In a bizarre twist of fate, high end Steam Machines are being purchased for Win 10 console gaming. ZOTAC NEN Steam Machine 6th Gen Intel Core i5-6400T Quad-Core CPU NVIDIA GeForce GTX 960 8GB Memory 1TB 2.5-inch Hard Drive Dual Gigabit Lan 802.11ac Bluetooth 4.0 ( ZBOX-SN970-P-U) []

      While sales of more affordable Steam Machines with very credible specs have been nothing to write home about. Alienware Steam Machine ASM100-2980BLK Desktop Console []

    • Sony has sold nearly double the PS4 consoles worldwide then Microsoft's Xbox one. This puts Microsoft at a huge disadvantage when it comes to getting exclusive titles. Sony has a much higher number of 3'd party exclusives which in tern help it sell even more consoles. The only way Microsoft can get exclusives is by buying development-studios which it has done several times, or offering money-loosing sweetheart deals. By bringing PC's in the Xbox ecosystem Microsoft can add 100Million+ gaming-capable PC's to
  • This is excellent, I can finally F9 my Excel workbooks on my Xbox!

  • by RogueyWon ( 735973 ) on Wednesday March 02, 2016 @08:12AM (#51620981) Journal

    I'm toying with another possible interpretation of this; that this is effectively MS's way of getting out of the console market, but without the "big bang" announcement that saw Sega ditch things what should have been half-way through the Dreamcast's life-cycle.

    There's not much detail out there yet, but based on what there is, it sounds like MS are planning to release what are basically cheap, locked-down PCs on a rolling basis, similar to the Steam Machines. As with those Steam machines, anything which is playable on them will also be playable on a full-sized PC. This is a long-way removed from the traditional console model, where a machine is sent out to sit in the market for anywhere from 4 to 8 years with no hardware changes and where the console-manufacturer funds exclusive titles to grow the installed base (then creams revenue off the third-party titles via licensing fees). In essence, it is just a slightly different type of PC, which sits under your TV (and yes, I know the PS4 and XB1 already resemble that description to a degree, but they were both sold on the "static hardware" model).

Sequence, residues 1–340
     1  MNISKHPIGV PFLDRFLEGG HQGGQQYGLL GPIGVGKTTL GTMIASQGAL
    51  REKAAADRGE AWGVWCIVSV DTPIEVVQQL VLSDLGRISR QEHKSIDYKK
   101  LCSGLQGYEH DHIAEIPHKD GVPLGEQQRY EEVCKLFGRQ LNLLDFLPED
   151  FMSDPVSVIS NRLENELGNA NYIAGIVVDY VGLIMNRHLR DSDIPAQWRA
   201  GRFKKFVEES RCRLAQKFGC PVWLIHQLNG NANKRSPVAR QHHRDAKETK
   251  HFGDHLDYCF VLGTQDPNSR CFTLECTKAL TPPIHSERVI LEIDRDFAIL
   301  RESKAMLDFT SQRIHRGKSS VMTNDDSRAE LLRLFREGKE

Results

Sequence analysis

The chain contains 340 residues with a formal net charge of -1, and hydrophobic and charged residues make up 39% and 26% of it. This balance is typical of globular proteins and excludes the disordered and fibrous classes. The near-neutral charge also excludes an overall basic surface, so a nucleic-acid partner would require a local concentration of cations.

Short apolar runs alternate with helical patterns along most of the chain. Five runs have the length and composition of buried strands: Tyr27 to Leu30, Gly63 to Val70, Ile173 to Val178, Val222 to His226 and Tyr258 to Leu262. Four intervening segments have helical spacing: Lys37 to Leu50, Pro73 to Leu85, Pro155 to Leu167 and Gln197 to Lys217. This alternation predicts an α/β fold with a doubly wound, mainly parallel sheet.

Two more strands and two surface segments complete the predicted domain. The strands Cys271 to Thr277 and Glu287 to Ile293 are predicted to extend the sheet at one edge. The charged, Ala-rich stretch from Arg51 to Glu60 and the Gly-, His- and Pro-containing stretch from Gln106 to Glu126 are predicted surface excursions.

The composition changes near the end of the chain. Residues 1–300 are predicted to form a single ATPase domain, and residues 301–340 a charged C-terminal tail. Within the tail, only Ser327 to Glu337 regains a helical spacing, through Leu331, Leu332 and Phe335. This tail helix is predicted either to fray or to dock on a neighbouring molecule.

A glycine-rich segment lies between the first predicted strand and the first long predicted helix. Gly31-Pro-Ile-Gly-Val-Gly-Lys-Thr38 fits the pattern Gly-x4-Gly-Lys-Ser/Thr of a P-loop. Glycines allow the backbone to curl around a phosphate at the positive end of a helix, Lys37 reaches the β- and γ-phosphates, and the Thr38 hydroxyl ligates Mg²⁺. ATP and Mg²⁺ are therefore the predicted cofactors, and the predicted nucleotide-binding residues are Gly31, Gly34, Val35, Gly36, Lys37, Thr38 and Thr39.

It's pretty clear why MS might go in this direction. Their long-standing cash-cows are Windows and Office. Xbox has been a side-line and, in some respects, a slightly risky one, in that it has toyed with undermining one of the key sales-points of Windows (gaming). It was always a sideline which only a company which was very, very confident in its continued monopoly position in its main market (and the continued health of that market) could afford to pursue.

    And right now, while that monopoly still looks fairly strong, there are signs of stress; tablets (mostly non-MS ones) have convinced a lot of people to give up their laptops. Ten years ago, Linux was, in essence, NeckbeardOS with no real chance of displacing Windows in the home environment. Now you have Valve and other reasonably serious players throwing a lot of weight behind Linux-powered devices. Win8 flopped and while Win10 is doing better, it isn't doing as well as you might expect given it's basically free. MS still dominate the PC OS market, but it's an increasingly vulnerable domination of an increasingly vulnerable market. Re-emphasizing the Windows PC (be it a laptop, desktop, tablet or box that sits under the TV) as a gaming platform may well be a sensible defensive strategy.

    Phil Spencer is, unlike his immediate predecessor, no fool. If he thinks for a moment that what's needed to maintain the health of the Windows cash-cow is to sacrifice the Xbox console strategy on the altar of PC gaming, he will do so in a heart-beat and that, I think, is what we're starting to see happening. Previously-announced Xbox-exclusive series have been announced for PC (albeit Windows 10, and sometimes Windows Store-only) and in some cases are already available.